Toll-like receptors (TLRs) play an important role in the innate and adaptive immune responses to pathogens, and are the target of new vaccine adjuvants. TLR2 plays a role in parasite recognition and activation of immune responses during cutaneous leishmaniasis infection, suggesting that TLR2 could be targeted by adjuvants for use in Leishmania vaccines. We therefore explored using Pam2CSK4 (Pam2) and Pam3CSK4 (Pam3) lipopeptide adjuvants, which activate TLR2/6 and TLR2/1 heterodimers respectively, in vaccine models for parasitic infections. The use of lipopeptide adjuvants was explored using two vaccine models. For cutaneous leishmaniasis, the lipopeptide adjuvants Pam2 and Pam3 were compared to that of the Th1-driving double-stranded DNA TLR9 agonist CpG for their ability to improve the efficacy of the autoclaved Leishmania major (ALM) vaccine to protect against L. major infection. The ability of Pam2 to enhance the efficacy of a soluble Brugia malayi microfilariae extract (BmMfE) vaccine to protect against filarial infection was also assessed in a peritoneal infection model of B. malayi filariasis. Parasite antigen-specific cellular and humoral immune responses were assessed post-challenge. The use of lipopeptides in ALM-containing vaccines did not provide any protection upon infection with L. major, and Pam2 exacerbated the disease severity in vaccinated mice post-challenge. Pam2, and to a lesser extent Pam3, were able to elevate antigen-specific immune responses post-challenge in this model, but these responses displayed a skewed Th2 phenotype as characterised by elevated levels of IgG1. In the B. malayi vaccine model, the use of Pam2 as an adjuvant with BmMfE induced significant protective immunity to the same level as inclusion of an Alum adjuvant. Here, both Pam2 and Alum were found to enhance antigen-specific antibody production post-challenge, and Pam2 significantly elevated levels of antigen-specific IL-4, IL-5 and IL-13 produced by splenocytes. These

  16. Immunogenicity and Protective Efficacy of Brugia malayi Heavy Chain Myosin as Homologous DNA, Protein and Heterologous DNA/Protein Prime Boost Vaccine in Rodent Model.

    Directory of Open Access Journals (Sweden)

    Jyoti Gupta

    Full Text Available We earlier demonstrated the immunoprophylactic efficacy of recombinant heavy chain myosin (Bm-Myo of Brugia malayi (B. malayi in rodent models. In the current study, further attempts have been made to improve this efficacy by employing alternate approaches such as homologous DNA (pcD-Myo and heterologous DNA/protein prime boost (pcD-Myo+Bm-Myo in BALB/c mouse model. The gene bm-myo was cloned in a mammalian expression vector pcDNA 3.1(+ and protein expression was confirmed in mammalian Vero cell line. A significant degree of protection (79.2%±2.32 against L3 challenge in pcD-Myo+Bm-Myo immunized group was observed which was much higher than that exerted by Bm-Myo (66.6%±2.23 and pcD-Myo (41.6%±2.45. In the heterologous immunized group, the percentage of peritoneal leukocytes such as macrophages, neutrophils, B cells and T cells marginally increased and their population augmented further significantly following L3 challenge. pcD-Myo+Bm-Myo immunization elicited robust cellular and humoral immune responses as compared to pcD-Myo and Bm-Myo groups as evidenced by an increased accumulation of CD4+, CD8+ T cells and CD19+ B cells in the mouse spleen and activation of peritoneal macrophages. Though immunized animals produced antigen-specific IgG antibodies and isotypes, sera of mice receiving pcD-Myo+Bm-Myo or Bm-Myo developed much higher antibody levels than other groups and there was profound antibody-dependent cellular adhesion and cytotoxicity (ADCC to B. malayi infective larvae (L3. pcD-Myo+Bm-Myo as well as Bm-Myo mice generated a mixed T helper cell phenotype as evidenced by the production of both pro-inflammatory (IL-2, IFN-γ and anti-inflammatory (IL-4, IL-10 cytokines. Mice receiving pcD-Myo on contrary displayed a polarized pro-inflammatory immune response. The findings suggest that the priming of animals with DNA followed by protein booster generates heightened and mixed pro- and anti-inflammatory immune responses that are capable of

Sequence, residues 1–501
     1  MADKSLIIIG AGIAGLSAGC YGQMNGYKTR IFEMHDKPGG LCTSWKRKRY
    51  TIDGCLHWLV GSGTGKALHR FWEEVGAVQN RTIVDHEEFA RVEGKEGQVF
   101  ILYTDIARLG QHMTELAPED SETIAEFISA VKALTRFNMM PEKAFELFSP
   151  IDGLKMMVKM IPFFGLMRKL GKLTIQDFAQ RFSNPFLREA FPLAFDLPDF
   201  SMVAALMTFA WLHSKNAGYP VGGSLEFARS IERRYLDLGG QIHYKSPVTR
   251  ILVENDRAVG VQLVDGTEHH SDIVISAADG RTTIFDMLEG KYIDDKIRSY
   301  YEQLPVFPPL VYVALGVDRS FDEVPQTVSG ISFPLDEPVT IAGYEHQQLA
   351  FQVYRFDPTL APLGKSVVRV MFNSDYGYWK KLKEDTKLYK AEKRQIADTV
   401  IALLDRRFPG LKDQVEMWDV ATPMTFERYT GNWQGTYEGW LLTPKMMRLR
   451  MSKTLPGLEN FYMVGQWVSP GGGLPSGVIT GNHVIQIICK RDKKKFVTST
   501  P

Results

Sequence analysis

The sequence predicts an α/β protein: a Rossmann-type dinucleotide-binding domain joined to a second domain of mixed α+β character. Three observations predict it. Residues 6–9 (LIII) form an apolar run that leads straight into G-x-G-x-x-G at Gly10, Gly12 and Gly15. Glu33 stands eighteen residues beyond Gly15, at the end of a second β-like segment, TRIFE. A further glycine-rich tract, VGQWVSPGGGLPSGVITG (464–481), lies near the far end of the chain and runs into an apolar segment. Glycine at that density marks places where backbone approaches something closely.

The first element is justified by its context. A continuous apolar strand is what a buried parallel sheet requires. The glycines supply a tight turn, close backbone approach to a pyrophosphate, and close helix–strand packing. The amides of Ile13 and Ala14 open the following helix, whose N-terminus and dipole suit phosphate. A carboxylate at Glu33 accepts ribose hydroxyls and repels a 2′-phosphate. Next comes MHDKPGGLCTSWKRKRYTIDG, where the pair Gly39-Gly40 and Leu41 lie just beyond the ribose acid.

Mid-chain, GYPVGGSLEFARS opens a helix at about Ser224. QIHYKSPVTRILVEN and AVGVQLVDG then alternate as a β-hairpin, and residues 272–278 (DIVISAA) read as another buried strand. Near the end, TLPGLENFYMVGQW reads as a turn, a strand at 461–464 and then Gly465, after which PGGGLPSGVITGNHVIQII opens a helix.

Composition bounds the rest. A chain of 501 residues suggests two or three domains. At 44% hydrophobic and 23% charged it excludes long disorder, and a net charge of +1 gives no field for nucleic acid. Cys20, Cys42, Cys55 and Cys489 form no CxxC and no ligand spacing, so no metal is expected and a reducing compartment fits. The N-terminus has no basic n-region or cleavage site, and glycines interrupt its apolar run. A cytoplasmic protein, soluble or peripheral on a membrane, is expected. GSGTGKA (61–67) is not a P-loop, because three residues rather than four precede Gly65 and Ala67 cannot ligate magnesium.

17. The role of local secondary structure in the function of the trans splicing motif of Brugia malayi

    Science.gov (United States)

    Liu, Canhui; Chauhan, Chitra; Unnasch, Thomas R.

    2009-01-01

    A 7nt motif (the trans-splicing motif or TSM) was previously shown to be necessary and sufficient to direct trans-splicing of transgenic mRNAs in transgenic B. malayi embryos. Insertion of the TSM into two genes lacking a TSM homologue resulted in-trans splicing of transgenic mRNAs from one transgene but not the other, suggesting that local sequence context might affect TSM function. To test this hypothesis, constructs inserting the TSM into different positions of two B. malayi genes were tested for their ability to support trans-splicing of transgenic mRNAs. Transgenic mRNAs derived from constructs in which the insertion of the TSM did not result in a perturbation of the local predicted secondary structure were trans-spliced, while those in which the TSM perturbed the local secondary structure were not. These data suggest that local secondary structure plays a role in the ability of the TSM to direct trans-splicing. PMID:19852985